Author Archives: Allison Wheatley

A Web of Things

The Bizer, Heath, and Berners-Lee article made some points that intersect with the humanities and with previous discussions we have had in this class.  One is slightly disturbing to me: “Linked Data uses RDF to make typed statements that link arbitrary things in the world. The result, which we will refer to as the Web of Data, may more accurately be described as a web of things in the world, described by data on the Web” (2).  I’m not sure how literally I am supposed to take this statement, but to me, things in the world are not data.  They can be described by data, but the Web of Data cannot include things in the world.  The web refers to things in the world and identifies many different bits of data that refer to the same thing in the world.  When things are related in the real world, this relationship is distinct from the data relationship, or predicate, between them.  I’m uncomfortable with the appropriation of real objects by the (capitalized, as Michael points out) Web of Data, and I wonder what the authors intended to communicate by including the world in their data web and emphasizing the distinction (or non-distinction) between a web of things and a Web of Data.  I’m interested to hear how others read this phrase.

The rhetoric that bothers me did not extend throughout the article: “The RDF Vocabulary Definition Language (RDFS) (Brickley & Guha, 2004) and the Web Ontology Language (OWL) (McGuinness & van Harmelen, 2004) provide a basis for creating vocabularies that can be used to describe entities in the world and how they are related” (4).  Here, it is clear that the web describes real things and relationships rather than including them.  I really like the idea that people can create their own words within an existing language to describe real relationships that have not yet been defined on the web of data.  I feel like writers who have created new words would be into that.  Jabberwocky!  These data authors translate a relationship from the real world, and the word for it, into a data vocabulary.  The individual creativity and control this gives contributors seems to fit right into the collaborative nature of DH and the internet as a whole.

On another note, the biography of Tim Berners-Lee has an especially impressive and punchy beginning and ending.  Just in case not everyone scrolled down all the way, these are some pretty fun facts: “Sir Tim Berners-Lee invented the World Wide Web…In 2001 he became a Fellow of the Royal Society” (26).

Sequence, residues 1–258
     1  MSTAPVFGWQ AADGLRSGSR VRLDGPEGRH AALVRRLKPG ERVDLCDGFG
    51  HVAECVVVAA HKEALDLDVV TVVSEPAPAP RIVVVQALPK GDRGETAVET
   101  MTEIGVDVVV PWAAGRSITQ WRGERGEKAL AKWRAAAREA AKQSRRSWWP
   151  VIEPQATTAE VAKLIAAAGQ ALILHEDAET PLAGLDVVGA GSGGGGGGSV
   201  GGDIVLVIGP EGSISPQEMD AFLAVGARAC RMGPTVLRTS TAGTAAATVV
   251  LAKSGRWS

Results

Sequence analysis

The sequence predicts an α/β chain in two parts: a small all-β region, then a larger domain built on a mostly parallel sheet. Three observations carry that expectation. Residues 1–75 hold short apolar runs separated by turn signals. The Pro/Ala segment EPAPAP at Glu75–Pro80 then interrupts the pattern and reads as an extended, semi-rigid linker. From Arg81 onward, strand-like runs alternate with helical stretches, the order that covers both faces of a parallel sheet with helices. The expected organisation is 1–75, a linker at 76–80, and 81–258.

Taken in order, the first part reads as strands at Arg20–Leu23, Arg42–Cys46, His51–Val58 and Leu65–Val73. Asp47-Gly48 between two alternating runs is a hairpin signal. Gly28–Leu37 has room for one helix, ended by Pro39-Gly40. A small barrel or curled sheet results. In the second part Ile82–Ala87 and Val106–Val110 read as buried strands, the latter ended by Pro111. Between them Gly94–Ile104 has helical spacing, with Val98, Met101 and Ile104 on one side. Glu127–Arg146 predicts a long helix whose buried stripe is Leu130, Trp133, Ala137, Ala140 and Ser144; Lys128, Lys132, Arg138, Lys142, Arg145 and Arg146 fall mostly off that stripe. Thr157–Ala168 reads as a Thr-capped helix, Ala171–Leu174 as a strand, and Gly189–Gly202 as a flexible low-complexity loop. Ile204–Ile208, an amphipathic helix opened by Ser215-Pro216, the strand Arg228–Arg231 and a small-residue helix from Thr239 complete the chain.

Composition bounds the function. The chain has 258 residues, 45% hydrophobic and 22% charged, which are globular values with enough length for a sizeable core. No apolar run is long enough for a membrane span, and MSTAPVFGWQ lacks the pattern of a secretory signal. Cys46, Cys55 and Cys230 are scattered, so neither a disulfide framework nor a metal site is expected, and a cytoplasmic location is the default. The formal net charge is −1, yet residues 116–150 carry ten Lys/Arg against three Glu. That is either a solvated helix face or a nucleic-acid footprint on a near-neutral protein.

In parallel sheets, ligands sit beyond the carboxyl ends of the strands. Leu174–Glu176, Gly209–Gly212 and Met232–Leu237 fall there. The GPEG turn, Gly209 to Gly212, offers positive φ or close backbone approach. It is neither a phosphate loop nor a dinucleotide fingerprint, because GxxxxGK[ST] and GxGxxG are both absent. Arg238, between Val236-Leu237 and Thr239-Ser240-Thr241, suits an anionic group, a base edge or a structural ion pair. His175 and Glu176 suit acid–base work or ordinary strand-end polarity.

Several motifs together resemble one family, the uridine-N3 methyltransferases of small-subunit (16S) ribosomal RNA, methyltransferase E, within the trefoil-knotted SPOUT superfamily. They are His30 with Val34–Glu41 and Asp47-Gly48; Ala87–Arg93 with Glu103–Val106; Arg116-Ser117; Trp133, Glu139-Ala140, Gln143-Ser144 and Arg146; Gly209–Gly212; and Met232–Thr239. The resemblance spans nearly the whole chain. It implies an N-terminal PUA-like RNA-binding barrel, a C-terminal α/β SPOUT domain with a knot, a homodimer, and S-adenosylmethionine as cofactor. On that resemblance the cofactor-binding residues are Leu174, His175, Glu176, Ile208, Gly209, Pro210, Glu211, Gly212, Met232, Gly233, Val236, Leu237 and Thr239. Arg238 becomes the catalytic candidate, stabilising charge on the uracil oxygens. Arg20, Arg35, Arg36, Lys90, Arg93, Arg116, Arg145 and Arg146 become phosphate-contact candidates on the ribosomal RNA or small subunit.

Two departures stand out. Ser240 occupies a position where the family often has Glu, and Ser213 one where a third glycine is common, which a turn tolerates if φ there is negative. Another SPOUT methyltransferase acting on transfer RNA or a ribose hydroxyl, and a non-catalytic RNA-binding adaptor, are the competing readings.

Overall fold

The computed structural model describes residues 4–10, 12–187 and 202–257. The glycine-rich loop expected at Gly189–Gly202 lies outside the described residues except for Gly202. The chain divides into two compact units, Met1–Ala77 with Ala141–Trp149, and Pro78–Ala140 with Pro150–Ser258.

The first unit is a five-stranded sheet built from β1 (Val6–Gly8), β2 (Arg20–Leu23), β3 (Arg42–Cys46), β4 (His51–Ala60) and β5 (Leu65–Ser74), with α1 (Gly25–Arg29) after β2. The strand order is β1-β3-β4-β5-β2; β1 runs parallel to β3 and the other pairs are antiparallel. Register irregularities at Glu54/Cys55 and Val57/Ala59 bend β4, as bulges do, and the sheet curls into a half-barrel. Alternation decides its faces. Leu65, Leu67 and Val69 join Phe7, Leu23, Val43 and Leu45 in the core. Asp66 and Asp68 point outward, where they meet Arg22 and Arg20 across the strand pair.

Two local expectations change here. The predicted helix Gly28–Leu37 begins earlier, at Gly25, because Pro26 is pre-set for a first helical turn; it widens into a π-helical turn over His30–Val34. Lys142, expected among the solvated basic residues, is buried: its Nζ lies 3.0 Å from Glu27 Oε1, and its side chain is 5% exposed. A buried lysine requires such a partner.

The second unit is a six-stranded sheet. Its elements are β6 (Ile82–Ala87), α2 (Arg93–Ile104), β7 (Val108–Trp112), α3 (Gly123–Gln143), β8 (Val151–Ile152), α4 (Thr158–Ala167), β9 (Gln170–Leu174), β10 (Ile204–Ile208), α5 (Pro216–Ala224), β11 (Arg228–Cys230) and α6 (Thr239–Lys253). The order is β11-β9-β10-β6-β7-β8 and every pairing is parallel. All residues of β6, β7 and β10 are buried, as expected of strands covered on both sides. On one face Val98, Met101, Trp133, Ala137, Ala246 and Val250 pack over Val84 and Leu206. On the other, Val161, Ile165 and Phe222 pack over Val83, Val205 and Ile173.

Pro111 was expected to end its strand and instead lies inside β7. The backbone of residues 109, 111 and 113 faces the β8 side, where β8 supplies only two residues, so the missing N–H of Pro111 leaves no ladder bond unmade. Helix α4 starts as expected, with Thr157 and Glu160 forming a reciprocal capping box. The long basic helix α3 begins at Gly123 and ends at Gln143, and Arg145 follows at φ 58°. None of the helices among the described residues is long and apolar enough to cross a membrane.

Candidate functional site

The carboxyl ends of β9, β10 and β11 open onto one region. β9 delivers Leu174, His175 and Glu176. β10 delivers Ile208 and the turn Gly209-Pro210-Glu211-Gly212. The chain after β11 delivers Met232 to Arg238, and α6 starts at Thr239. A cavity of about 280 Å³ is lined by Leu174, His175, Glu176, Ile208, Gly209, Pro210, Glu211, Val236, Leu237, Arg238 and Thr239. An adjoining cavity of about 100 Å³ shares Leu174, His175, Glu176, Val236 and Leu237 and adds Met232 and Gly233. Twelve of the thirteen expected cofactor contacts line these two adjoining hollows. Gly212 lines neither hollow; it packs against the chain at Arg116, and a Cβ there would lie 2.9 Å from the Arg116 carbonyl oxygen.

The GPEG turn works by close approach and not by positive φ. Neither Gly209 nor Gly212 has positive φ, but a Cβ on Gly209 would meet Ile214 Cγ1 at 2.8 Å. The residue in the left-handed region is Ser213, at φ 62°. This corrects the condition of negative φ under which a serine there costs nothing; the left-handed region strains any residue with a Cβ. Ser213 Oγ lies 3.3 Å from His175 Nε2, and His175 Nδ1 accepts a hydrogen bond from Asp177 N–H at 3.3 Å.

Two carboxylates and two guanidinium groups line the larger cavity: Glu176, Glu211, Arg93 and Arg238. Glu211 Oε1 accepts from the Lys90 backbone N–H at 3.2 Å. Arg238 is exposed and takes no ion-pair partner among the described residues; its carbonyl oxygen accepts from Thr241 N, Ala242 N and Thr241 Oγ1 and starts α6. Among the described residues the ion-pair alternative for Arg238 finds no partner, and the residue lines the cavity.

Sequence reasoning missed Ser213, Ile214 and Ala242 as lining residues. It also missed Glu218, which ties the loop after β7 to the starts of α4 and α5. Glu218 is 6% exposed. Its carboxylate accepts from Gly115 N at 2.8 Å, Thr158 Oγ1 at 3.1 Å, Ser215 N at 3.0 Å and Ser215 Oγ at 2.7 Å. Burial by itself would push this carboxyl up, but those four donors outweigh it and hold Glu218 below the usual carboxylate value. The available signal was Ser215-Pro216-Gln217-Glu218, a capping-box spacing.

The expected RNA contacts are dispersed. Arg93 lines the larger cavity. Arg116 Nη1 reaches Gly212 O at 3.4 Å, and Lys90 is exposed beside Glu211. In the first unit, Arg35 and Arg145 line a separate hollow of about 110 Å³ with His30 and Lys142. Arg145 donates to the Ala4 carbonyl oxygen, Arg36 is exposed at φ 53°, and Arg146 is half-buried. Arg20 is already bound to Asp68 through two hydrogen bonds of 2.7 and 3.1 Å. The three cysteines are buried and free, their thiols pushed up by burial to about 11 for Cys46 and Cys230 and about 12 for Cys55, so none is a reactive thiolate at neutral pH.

A Database for “One Idea”

I found the Powerpoint on Intro to Relational Databases and SQL fairly straightforward and informative. However, a large portion of “Why Databases?” was unclear without the author’s explanation. In an attempt to expand on the argument for databases in Digital Humanities, I’d like to propose a possible interpretation of the section so nicely decorated with Simpsons characters. As an introduction to the “One Idea” model, I wonder if the photos of the Table of Contents and Index represent inflexible data sets, an old model for cross-referencing that is static and limited compared to databases. The “One Idea” seems to be something that could be stored as a database or as a document, perhaps a research topic about which a scholar wants to gather and curate essays. The first contributor adds four essays to this document or database. The second contributor adds three essays, which become part of the curated information on the topic. The pattern continues until the “One Idea” includes 18 essays. If the essays and the data about them, including subject tags, are stored in a database rather than only in document files, it becomes possible through querying to pick out which essays meet certain additional criteria, in this case, perhaps those that reference Shakespeare’s works.  Using the database, this list of essays (generated by querying the subgroup Shakespeare) can also be sorted using other data attached to each essay, perhaps in this case the year the essay was written.  This allows for much more flexibility and useful searching in a digital archive than only links to documents provide. I’d be interested to hear other theories about this section, if anyone else was curious about its contribution to the overall argument.